An Act of Chivalry

Ronnie.......I'm not going to ask WHY you've no socks on......Goodnight!

Photo of shop frontIn mid-April 1951, I had been in the Royal Air Force for 6 months and I was
stationed 50 miles from home at RAF Leeming and I used to come home to North Shields every weekend. I have attached this photo to add some background to this story…..I want you to know that I did NOT take this photo!

About 3 streets away from my mother’s general store there lived my schooldays friend, Irene Binks. Irene and I were the best of friends. Our friendship was always platonic and we were never anything more than that, but it was a great friendship. Our first day at the infant school was the day our friendship started. However, together, we could have talked for Great Britain.

On the mid-April Friday evening, I begged the loan of my brother’s car. Danny was my eldest brother and I knew he’d be ‘at his club’, so I knew where to find him. He was affable and besides he was with friends, one of which promised to take him home. As soon as I got the car, I headed to Irene’s house. When I knocked at the door, I heard Irene’s voice shouting, “If that’s Ronnie, tell him to bugger off, I’ve just washed my hair because I thought he wasn’t home.” I told Irene’s sister that I’d wait in the car until she was ready. Irene needed about 15 minutes to put her rollers in, then she hustled out to the car, jumped in and started cussing me for calling so late. She had slung a coat over her arm, but she was only wearing mules on her feet and it was turning quite chilly.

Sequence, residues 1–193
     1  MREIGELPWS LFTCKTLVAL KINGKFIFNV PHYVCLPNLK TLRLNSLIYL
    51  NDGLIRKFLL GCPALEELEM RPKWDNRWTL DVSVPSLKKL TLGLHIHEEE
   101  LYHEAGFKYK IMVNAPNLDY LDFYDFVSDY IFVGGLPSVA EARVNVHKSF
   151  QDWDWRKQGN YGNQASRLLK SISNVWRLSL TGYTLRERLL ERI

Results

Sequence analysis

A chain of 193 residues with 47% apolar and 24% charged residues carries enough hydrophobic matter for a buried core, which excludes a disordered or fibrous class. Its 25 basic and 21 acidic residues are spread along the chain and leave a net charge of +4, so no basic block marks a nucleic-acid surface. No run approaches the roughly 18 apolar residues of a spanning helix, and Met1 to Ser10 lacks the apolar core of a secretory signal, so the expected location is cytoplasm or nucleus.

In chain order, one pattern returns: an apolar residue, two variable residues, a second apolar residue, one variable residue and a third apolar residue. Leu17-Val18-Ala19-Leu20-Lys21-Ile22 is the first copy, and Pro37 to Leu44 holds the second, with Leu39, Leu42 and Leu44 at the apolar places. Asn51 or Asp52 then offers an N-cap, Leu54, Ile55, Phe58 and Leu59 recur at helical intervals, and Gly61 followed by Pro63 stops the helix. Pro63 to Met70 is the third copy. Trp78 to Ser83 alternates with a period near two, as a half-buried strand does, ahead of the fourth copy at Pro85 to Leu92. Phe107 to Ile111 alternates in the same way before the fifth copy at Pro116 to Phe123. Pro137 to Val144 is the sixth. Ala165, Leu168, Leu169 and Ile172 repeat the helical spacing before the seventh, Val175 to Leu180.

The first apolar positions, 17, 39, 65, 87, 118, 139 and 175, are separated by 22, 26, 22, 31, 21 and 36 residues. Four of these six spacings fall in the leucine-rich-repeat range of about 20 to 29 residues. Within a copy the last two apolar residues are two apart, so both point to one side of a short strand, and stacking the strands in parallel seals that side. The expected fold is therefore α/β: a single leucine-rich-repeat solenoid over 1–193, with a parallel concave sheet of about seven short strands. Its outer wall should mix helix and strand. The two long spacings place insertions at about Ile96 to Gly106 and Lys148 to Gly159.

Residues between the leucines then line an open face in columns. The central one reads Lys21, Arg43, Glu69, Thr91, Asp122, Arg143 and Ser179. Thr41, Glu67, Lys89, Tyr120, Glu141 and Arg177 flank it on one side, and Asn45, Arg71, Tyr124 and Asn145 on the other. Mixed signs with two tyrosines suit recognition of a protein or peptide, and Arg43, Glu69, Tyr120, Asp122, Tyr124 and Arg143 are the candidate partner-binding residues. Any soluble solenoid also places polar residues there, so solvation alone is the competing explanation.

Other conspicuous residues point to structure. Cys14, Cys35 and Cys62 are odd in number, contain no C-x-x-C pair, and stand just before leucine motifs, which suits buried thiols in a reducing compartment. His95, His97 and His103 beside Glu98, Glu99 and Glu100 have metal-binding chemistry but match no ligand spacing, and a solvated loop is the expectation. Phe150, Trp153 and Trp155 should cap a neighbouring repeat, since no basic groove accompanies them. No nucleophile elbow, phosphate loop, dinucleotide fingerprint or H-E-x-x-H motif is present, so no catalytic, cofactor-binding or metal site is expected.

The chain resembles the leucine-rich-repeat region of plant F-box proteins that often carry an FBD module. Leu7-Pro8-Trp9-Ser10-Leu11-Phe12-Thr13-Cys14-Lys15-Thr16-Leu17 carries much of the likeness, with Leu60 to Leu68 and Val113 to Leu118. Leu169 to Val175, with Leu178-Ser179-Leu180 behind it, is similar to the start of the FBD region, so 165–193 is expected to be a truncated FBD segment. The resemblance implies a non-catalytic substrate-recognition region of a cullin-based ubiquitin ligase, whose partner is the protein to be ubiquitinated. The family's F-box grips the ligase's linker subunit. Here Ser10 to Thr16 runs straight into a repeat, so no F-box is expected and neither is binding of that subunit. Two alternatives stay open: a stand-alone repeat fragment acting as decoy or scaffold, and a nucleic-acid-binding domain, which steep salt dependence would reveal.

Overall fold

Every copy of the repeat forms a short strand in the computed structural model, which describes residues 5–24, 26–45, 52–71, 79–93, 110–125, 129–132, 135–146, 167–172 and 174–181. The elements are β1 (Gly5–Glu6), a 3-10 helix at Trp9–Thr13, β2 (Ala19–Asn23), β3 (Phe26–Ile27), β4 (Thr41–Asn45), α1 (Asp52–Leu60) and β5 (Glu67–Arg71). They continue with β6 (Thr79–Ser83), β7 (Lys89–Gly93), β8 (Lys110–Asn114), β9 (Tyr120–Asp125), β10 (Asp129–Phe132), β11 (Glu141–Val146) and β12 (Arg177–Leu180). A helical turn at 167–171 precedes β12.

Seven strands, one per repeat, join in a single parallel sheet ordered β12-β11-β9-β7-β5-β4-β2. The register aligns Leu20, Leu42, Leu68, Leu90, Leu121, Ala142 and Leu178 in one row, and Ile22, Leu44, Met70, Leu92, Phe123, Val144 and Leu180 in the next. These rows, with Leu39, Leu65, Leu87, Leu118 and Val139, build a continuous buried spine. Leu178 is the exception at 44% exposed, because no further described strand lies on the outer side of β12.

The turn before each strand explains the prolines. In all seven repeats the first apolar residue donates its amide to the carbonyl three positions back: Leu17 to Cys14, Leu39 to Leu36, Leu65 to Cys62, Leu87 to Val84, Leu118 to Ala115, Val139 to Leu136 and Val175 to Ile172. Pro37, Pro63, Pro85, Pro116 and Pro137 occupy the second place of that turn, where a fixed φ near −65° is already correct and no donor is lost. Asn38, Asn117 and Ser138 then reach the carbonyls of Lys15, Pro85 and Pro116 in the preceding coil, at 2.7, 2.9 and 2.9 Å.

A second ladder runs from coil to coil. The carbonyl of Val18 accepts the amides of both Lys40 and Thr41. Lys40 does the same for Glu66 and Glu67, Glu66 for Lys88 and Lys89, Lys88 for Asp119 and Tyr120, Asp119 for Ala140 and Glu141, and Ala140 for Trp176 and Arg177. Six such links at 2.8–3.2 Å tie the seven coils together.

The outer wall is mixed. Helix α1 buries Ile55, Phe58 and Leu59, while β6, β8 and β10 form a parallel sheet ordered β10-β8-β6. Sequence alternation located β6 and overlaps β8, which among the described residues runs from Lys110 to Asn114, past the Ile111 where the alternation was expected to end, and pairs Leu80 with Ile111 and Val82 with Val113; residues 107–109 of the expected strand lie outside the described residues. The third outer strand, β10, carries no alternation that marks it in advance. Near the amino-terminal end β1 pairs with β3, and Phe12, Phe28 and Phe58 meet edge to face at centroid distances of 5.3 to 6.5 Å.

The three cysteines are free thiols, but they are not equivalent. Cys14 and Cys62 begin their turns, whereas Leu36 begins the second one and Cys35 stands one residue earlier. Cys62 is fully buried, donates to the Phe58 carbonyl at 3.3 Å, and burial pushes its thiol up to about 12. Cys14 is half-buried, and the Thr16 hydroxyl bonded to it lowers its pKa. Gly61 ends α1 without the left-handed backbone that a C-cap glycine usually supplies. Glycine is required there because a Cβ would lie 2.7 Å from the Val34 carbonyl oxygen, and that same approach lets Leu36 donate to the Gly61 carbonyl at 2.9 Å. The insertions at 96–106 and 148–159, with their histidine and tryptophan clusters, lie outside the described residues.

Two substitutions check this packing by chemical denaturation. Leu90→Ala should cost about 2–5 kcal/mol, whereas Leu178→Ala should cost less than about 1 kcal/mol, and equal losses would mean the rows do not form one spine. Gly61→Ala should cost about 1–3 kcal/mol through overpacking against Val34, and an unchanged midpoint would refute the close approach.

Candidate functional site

We drove to the north bank of the River Tyne and I explained that I’d had a letter from my girlfriend telling me I was dumped. As it happened Irene knew the girl involved and her only comment was “GOOD!”. This news started a marathon ‘talk in’, then about midnight, Irene told me her feet were freezing. Here comes the chivalry…..I took off my socks, and she gratefully put them on her blocks of ice. Post-war cars in Britain didn’t have car heaters, but in any case this was a pre-war car. She suggested it was time I took her home and so I did. Her parting words were, “Good night Ronnie, I’ll give you your socks back tomorrow.”

I drove back to Danny’s house and parked his car in front of his garage and as I was pushing the car key through his letter box, Danny opened the door and very good naturedly offered to drive me home. I told him I was happy to walk, but he insisted on taking me back home. The forecourt in front of my mother’s shop was wide enough to circle around and no reversing was involved. I thanked Danny very much for the loan of the car and closed the car door almost silently in case I woke my mother. I was trying to find my door key, when Danny opened the front passenger window and called me back to the car…….I looked into the car and Danny said, “Ronnie……I’m not going to ask WHY you’ve no socks on….Goodnight!” A wonderful memory.

The sad part of my memory was in 1985 when both Irene and Danny became cancer victims and Irene died before Danny.

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